The tumultuous relationship between art and mental health

Since his tragic death on June 14, Sushant Singh Rajput has dominated news headlines, social media content and drawing room conversations. While the narrative has constantly moved from Mental Health and Nepotism to a manipulative and controlling relationship, one statement remains constant—that is his incredible genius and passion for Physics, Philosophy and Astronomy.

A cursory scroll through his social media will reveal what a deeply curious and knowledgeable man he was. From Descartes to Sartre, from space exploration to animal behaviour, his awe and excitement at the universe’s wonders are apparent in his sublime thoughts.

If you do visit his Twitter profile, the cover photo is an image of Van Gogh’s Starry Nights. This is especially interesting as the painting is known the world over as the artist’s rendition of the scene from his asylum window at nighttime. A window that he frequently looked out of while battling depression.

Whether or not Sushant was depressed and bipolar as is being said by certain people involved, is yet to be proved but there is sufficient evidence in the annals of history that prove some of the world’s greatest artists were.

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Recently, an article in a leading newspaper revealed that while in Florence, Sushant stayed in a heritage hotel where, in his room, was a copy of the famous Goya painting, Saturn Devouring His Son. If you haven’t seen this painting, it is disturbing, a keenly graphic visual of Saturn, eating his son, the child’s head and one arm already consumed, a bloodied torso in his grip and a maniacal glare in his eyes.

This was one among the 14 dark and demonic paintings Francisco Goya did on the walls of his house, born out of hallucinations and delirium. These paintings were his personal mirror, one that depicted his struggle with his own morality and existence. They were never meant for public consumption.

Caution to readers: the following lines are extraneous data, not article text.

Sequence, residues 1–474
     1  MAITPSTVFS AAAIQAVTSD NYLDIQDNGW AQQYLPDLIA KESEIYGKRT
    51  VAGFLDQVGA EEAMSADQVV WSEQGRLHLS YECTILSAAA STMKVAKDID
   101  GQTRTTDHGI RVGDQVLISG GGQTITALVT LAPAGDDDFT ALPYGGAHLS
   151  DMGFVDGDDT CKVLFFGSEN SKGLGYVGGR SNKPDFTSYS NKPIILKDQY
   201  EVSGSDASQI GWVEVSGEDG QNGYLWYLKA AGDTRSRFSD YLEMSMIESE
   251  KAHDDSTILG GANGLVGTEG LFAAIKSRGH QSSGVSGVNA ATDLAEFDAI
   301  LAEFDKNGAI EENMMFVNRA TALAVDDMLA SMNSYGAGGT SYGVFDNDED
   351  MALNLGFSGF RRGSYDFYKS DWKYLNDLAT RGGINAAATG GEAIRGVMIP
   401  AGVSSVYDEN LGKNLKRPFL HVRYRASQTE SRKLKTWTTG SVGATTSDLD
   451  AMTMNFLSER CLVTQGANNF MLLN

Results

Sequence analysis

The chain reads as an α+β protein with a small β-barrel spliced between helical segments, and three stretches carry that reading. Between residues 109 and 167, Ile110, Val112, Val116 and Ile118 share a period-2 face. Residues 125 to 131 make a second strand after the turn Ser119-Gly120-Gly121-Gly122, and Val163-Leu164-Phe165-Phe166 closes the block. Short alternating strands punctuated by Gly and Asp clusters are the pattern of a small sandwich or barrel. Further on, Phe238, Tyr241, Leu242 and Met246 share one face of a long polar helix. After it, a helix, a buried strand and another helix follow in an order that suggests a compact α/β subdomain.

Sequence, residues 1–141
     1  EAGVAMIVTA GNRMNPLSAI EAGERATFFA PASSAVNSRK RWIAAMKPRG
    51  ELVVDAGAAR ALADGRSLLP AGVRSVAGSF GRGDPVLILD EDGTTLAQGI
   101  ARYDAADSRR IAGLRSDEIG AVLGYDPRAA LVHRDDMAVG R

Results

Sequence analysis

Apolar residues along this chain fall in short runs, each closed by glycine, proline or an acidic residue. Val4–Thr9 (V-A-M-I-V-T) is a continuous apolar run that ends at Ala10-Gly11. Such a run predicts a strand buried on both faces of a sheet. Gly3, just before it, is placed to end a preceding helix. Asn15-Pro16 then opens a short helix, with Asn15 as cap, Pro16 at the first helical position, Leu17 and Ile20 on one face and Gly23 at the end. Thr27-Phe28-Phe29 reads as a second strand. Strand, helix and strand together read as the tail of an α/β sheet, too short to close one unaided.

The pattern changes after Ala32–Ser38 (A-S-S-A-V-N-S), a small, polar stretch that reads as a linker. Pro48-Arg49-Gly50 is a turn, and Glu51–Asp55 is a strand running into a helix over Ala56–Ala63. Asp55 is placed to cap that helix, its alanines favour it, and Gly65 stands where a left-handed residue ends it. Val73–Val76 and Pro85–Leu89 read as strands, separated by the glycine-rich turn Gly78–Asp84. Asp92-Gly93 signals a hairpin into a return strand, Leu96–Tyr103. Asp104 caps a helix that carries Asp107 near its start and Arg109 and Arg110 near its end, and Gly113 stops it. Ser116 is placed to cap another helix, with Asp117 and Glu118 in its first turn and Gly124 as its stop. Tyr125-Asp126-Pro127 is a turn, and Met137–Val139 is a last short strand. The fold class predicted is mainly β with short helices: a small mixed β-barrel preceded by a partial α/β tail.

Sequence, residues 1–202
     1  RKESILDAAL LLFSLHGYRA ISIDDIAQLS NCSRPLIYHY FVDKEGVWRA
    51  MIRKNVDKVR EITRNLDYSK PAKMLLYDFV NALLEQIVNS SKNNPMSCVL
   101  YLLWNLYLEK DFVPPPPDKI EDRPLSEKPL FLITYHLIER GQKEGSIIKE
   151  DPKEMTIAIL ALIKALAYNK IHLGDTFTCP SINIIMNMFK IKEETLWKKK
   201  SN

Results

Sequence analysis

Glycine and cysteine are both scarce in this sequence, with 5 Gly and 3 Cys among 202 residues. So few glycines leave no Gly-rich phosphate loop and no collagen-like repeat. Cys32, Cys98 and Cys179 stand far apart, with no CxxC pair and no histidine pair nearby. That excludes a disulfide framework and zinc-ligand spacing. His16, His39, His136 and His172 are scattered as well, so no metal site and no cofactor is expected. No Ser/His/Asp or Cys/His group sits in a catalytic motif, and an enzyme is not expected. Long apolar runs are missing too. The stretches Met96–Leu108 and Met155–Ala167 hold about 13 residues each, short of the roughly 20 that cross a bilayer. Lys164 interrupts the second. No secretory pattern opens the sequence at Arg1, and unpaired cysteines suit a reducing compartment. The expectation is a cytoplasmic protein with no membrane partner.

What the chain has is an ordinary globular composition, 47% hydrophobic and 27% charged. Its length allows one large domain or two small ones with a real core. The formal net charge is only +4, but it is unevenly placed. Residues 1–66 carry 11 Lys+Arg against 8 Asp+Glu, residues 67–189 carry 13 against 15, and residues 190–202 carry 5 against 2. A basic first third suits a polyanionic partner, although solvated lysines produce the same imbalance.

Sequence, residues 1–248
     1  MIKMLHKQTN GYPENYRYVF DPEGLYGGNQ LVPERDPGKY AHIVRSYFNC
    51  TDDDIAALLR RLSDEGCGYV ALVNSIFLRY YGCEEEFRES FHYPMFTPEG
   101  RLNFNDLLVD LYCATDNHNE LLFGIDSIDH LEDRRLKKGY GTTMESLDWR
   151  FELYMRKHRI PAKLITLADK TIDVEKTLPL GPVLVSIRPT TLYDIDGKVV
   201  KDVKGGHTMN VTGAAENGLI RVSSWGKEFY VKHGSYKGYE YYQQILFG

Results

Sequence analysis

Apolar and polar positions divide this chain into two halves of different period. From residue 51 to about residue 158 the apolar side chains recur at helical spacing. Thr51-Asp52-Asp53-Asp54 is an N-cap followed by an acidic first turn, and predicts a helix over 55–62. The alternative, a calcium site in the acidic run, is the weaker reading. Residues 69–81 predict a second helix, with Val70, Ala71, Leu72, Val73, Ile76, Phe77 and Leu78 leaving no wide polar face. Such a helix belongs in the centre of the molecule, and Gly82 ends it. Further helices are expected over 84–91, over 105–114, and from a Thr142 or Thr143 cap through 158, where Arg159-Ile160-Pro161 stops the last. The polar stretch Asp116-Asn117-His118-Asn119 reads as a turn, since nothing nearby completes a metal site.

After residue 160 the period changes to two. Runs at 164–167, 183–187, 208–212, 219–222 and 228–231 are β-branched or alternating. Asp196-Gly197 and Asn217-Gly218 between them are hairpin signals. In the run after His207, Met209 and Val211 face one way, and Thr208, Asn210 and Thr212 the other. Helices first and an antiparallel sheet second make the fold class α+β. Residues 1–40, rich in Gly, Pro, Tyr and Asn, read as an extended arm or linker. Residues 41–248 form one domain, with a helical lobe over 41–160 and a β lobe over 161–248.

The relationship between art and madness is as old as art itself. In Plato’s Phaedrus, the philosopher says that artists were bestowed with divine madness. Given the events that unfolded over the next few centuries and across geographies, one can’t help but assume that he was right. The famous trope of ‘mad genius’ perhaps found its bearing in this early premise laid by Plato.

Van Gogh chopped off his ear and eventually killed himself. Much like Goya’s Saturn Devouring His Son, the context of Starry Nights by Van Gogh is also embedded in the artist’s own struggle with his brilliant but disturbed mind.

Celebrated sculptor Michelangelo’s genius was both his best friend and worst enemy. The detailing and accuracy of his sculptures have led several art historians to wonder if he was Obsessive Compulsive. In a publicly available letter to his father he writes, “I lead a miserable existence and reck not of life nor honor – that is of this world; I live wearied by stupendous labors and beset by a thousand anxieties. And thus I lived for some fifteen years now and never an hour’s happiness have I had.”

In his own words, Norwegian Expressionist artist, Edvard Munch, said of his most celebrated work, ‘The Scream’ that it was an honest, ugly interpretation of his constant struggle with anxiety. The disfigured, ghost-like man screaming on the bridge is his reproduction of an episode of extreme anxiety he himself went through. This theme recurs in several of his paintings.

Leonardo Da Vinci, perhaps the world’s most celebrated artist, was posthumously diagnosed with ADHD or Attention Deficit Disorder when his incomplete ideas and artworks revealed a restless genius never quite able to focus for too long.

Poetesses like Virginia Woolf and Sylvia Plath were both confirmed to be depressed and ultimately ended their lives by gruesome and dramatic suicides. Woolf swam into the middle of a river to drown herself and Plath famously stuck her head in an oven dying ultimately from Carbon Monoxide inhalation. Both women had long histories and public episodes of struggles with mental health.

Imagination is an artist’s most powerful tool and if their mind is prone to hallucinations, psychosis and delusion they will naturally find their way to the artistic content they create. It seems likely then that the overactive imagination and heightened senses of those afflicted influences, if not directly causing, the existence of some of the world’s most famous artworks.

So, is artistic genius a result of madness or the cause of it, the question lingers!

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